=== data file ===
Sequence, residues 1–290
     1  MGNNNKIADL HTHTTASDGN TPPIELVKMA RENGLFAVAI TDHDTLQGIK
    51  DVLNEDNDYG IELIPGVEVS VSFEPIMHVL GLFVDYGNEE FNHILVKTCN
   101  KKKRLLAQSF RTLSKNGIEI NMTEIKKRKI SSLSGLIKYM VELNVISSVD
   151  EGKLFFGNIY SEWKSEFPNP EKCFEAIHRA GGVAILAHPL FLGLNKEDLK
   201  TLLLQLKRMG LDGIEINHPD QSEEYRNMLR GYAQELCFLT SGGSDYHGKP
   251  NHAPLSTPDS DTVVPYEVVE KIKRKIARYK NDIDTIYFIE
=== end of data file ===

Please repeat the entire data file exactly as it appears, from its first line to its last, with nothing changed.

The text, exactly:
Sequence, residues 1–290
     1  MGNNNKIADL HTHTTASDGN TPPIELVKMA RENGLFAVAI TDHDTLQGIK
    51  DVLNEDNDYG IELIPGVEVS VSFEPIMHVL GLFVDYGNEE FNHILVKTCN
   101  KKKRLLAQSF RTLSKNGIEI NMTEIKKRKI SSLSGLIKYM VELNVISSVD
   151  EGKLFFGNIY SEWKSEFPNP EKCFEAIHRA GGVAILAHPL FLGLNKEDLK
   201  TLLLQLKRMG LDGIEINHPD QSEEYRNMLR GYAQELCFLT SGGSDYHGKP
   251  NHAPLSTPDS DTVVPYEVVE KIKRKIARYK NDIDTIYFIE